The Royal Shakespeare Company have managed to combine the two plays with ease and charm to provide a wonderfully entertaining time at the theatre.
First up in this double bill of delightfully sparkling comedies by William Shakespeare was a hilarious if at times occasionally over-the-top production of Love’s Labour’s Lost, which throws so much comedy in it that the story does lose some of its meaning.
Set in 1914, just before the outbreak of war, the King of Navarre and his friends decide to take an oath to avoid the company of women for three years. But no sooner have they pledged their oaths, the arrival of the Princess of France and her companions arrive throwing their plans all awry.
The grandeur and the warmth of Simon Higlett’s set design (based on Charlecote Park near Stratford-Upon-Avon) is the perfect place for all the chaos and confusion to happen and is a star of the production in its own right.
It is particularly used effectively to heighten the comedy – for example in one standout scene as the Lords and King read their love letters to the ladies out loud on the roof without each other realising is brilliantly carried out.
But it is really the performances that standout. From John Hodgkinson’s wonderfully flamboyant Don Armado, who flounces around the stage like a peacock to great effect to Edward Bennett’s Berowne – who can come across as slightly pompous in places, but also well meaning is a wonderfully charismatic performance. Every line from every character is delivered with great precision and great personality.
While there are some lovely touches of detail and slapstick used throughout, Christopher Luscombe’s production tends to get slightly carried away, which means it can lack in emotional impact and the story loses focus.
It is a production that feels as though it has a slight childishness about it, which will be appreciated by some but others might find it tedious towards the end. However, it is still an entertaining if slightly unbelievable production.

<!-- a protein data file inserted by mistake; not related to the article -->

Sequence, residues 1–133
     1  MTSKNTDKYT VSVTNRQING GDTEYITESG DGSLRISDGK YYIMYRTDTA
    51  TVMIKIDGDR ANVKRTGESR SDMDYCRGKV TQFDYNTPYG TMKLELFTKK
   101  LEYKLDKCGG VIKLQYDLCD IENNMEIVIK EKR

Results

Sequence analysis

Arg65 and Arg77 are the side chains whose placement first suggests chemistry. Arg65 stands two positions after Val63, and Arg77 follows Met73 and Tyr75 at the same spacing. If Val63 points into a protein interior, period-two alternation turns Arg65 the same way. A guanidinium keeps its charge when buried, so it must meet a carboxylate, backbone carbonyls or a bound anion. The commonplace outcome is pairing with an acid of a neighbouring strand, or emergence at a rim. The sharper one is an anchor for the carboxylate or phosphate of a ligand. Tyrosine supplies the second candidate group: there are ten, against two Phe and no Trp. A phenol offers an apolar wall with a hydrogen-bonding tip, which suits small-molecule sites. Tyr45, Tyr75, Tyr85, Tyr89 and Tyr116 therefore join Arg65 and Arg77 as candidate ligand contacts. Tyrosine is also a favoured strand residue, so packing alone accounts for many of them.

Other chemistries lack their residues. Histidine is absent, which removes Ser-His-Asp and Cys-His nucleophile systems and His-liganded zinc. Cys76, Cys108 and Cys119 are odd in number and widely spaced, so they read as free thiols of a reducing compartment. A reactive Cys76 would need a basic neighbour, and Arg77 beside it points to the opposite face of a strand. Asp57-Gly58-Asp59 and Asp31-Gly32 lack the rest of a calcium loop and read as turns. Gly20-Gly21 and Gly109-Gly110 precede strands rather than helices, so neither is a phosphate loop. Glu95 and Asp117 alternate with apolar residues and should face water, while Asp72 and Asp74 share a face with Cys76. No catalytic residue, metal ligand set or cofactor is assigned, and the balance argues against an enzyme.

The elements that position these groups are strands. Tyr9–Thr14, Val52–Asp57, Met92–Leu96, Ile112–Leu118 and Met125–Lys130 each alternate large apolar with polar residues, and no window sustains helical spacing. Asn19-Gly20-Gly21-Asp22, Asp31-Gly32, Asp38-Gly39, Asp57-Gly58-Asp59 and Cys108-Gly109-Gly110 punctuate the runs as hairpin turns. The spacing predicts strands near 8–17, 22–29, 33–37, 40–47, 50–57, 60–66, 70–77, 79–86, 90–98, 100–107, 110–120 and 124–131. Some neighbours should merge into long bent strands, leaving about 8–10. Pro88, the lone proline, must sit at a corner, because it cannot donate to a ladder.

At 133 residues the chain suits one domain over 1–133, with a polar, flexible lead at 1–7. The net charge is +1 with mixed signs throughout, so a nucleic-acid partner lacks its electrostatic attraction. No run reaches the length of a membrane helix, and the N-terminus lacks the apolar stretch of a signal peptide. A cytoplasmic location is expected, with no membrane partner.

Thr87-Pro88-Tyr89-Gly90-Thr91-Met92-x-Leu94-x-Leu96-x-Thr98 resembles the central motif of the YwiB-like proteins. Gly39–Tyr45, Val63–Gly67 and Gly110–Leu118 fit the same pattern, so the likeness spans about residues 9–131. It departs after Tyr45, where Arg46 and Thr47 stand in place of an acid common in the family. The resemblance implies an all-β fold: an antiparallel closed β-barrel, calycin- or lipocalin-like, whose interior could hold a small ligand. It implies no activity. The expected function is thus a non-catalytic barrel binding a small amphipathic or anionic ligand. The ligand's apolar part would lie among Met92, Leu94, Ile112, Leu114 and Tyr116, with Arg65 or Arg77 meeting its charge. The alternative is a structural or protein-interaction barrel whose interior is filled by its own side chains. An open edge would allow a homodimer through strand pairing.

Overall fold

Next up is a sparkling production of Much Ado About Nothing, which is perhaps a stronger piece for Christopher Luscombe to work with, given the hint of more drama in the play it means the comedy is slightly more contained and sharper than in Love’s Labour’s Lost.
Set in 1918, Much Ado About Nothing is more about romantic entanglements, jealousy and betrayal that gives it a strong edge and allows for more character development.
But this is not to say that there aren’t some extremely funny moments to be found in the production. For example, the Christmas tree is put to very good use in the scene in which Benedick overhears his friends discussing Beatrice’s love for him and Nick Haverson’s performance as Dogberry is filled with great humour and slapstick.
As in Love’s Labour’s Lost, the use of music reflects the era perfectly, really enhancing the production well, combining classical along with contemporary music that was coming through at the time. But at times by having the cast singing, it can distract slightly from the story and perhaps would have been better having it in the background.
But once again, the performances are extremely strong, with Edward Bennett once again standing out as Benedick, slightly overconfident and inconsiderate but is able to develop into something more substantial particularly after the disgrace of Hero. His chemistry wirh Lisa Dillon as Beatrice is spot on, their sparring delightful to listen to and sharply observant. Dillon’s portrayal of Beatrice is cynical and yet she is still able to capture her more vulnerable side particularly when she asks Benedick to kill Claudio.
Sam Alexander as Don John provides a subtle and cool performance that is effective – as seen by the small look of triumph he has on his face when Claudio confronts Hero and Tunji Kasim also gives an elegantly charming performance of the easily led Claudio.
It is a strong, warm-hearted and passionate production that showcases the talents of the Royal Shakespeare perfectly and is great festive treat to enjoy.
Overall Verdict: a strong duo of plays that complement each other well, but Much Ado About Nothing is perhaps the stronger production and truly lifts the spirits of the audience. Even if you only are able to catch one it is certainly worth a visit to the Theatre Royal Haymarket.
Love’s Labour Lost and Much Ado About Nothing will play at the Theatre Royal Haymarket until the 18th March 2017. For more information and to book tickets visit: http://www.trh.co.uk/whats-on/events/